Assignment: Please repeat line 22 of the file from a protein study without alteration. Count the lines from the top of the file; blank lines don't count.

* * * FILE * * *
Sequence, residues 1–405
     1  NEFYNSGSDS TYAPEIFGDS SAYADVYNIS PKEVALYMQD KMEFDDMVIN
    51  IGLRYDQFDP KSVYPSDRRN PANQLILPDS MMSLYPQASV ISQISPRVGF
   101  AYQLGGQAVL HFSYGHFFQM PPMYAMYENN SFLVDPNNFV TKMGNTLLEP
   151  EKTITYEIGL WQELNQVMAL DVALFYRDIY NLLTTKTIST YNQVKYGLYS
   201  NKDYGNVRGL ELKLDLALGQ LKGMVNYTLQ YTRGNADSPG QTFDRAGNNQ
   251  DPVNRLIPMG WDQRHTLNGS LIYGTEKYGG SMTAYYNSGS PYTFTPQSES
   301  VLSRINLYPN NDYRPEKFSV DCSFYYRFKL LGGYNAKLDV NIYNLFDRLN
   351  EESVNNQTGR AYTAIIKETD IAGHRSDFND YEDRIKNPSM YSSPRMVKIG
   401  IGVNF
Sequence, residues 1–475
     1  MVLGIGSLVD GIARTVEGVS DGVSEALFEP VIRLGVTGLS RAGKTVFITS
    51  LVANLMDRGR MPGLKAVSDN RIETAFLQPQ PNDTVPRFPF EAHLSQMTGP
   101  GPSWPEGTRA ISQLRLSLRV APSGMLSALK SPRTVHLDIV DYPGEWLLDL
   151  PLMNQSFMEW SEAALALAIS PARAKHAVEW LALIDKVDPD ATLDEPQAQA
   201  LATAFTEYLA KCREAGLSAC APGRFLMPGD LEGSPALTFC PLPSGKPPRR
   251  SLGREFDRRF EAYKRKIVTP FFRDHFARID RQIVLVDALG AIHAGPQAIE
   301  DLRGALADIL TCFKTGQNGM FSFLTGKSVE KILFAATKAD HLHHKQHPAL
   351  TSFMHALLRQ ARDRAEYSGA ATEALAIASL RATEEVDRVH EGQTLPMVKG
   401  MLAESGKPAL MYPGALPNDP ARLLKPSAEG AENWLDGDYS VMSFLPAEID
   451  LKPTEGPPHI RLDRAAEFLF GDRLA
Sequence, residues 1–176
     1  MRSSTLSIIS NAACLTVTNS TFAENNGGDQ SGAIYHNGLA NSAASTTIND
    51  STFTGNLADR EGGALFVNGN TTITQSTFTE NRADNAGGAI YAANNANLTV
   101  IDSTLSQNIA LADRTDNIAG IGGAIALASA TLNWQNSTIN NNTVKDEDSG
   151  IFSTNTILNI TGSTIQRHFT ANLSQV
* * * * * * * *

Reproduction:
Sequence, residues 1–176